T he surest way to decrease the quality of a product or service, and to increase its price, is to give the government monopoly control of it.
We tend to think the state is indispensable — a “necessary evil” — and have a hard time imagining our existence without it. But that’s only because we’ve never experienced the absence of state. I mean, if you get rid of the state, how will you provide security? Mail? Fire protection? Electricity? Water? Roads?
The answer is the same as any other good or service — the market, which provides all sorts of necessary goods and services like food, clothes, newspapers, shoes, computers, telephones, and cars.
Just look at the diversity of paper products. No one fights over the kinds of paper that ought to be produced — you just shop around until you find the type you need for your particular application. No one marches in the street to demand a particular kind of coat, and we don’t have any shortage of choice in the canned goods section of the grocery store. The reason is that these products are left largely unrestricted by the government, and so their supply responds to market forces.
But the quantity and placement of roads, the kind and quality of education, the expense and use of national defense, the calorie content of school lunches — all of these are the subject of constant political conflict precisely because they are under monopoly government control. We’re told that these goods are too important to leave to the private sector, but isn’t food important? Aren’t coats important?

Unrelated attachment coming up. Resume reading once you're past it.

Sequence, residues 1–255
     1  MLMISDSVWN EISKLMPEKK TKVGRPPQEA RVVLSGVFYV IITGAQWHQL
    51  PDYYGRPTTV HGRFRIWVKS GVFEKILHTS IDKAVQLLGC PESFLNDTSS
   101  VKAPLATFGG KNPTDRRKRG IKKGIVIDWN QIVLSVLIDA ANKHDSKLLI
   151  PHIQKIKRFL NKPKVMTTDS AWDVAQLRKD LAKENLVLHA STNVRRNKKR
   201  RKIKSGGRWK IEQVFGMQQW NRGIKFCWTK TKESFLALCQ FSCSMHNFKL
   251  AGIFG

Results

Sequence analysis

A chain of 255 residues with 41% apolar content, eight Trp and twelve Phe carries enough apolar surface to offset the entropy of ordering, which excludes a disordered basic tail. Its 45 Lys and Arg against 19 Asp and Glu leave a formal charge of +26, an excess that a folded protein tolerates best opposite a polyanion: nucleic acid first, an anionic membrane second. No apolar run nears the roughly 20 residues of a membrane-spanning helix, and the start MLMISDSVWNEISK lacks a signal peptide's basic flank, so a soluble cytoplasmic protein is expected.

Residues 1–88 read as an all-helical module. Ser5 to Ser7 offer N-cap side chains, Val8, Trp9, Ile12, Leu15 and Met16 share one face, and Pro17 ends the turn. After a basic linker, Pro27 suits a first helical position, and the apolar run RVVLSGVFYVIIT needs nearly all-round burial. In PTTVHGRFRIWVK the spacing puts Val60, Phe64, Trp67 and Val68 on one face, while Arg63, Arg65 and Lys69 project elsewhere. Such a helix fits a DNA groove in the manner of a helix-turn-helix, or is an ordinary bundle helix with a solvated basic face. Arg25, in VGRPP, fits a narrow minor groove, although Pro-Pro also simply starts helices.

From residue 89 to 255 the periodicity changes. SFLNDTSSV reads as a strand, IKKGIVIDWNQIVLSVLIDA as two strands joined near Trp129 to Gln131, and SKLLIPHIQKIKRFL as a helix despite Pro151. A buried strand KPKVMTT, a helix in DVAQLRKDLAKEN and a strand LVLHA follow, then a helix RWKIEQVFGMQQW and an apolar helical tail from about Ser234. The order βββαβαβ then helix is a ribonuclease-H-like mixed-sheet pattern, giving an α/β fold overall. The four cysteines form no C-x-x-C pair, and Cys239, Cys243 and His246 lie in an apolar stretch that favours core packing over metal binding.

Of course they are, and so is police protection and judicial administration. In fact, they are far too important to allow politicians to control them. They should all be left to the private sector, along with roads, national defense, utilities, and the mail.
In any event, the importance of a product or service is not really a factor in deciding to put it under government control. The difference in importance between first class mail and the parcel service is entirely arbitrary and subjective. We allow competition for parcel shipments, but not for first class mail, and while one might be more important to you, the other might be more important to someone else. “Importance” is just a talking point used to justify government regulation.
If you want better roads, police, fire protection, insurance, medical care, national defense, education, courts, mail, electric/water/sewer/gas utilities, and on and on, then get the government out of the way and let the private sector provide them.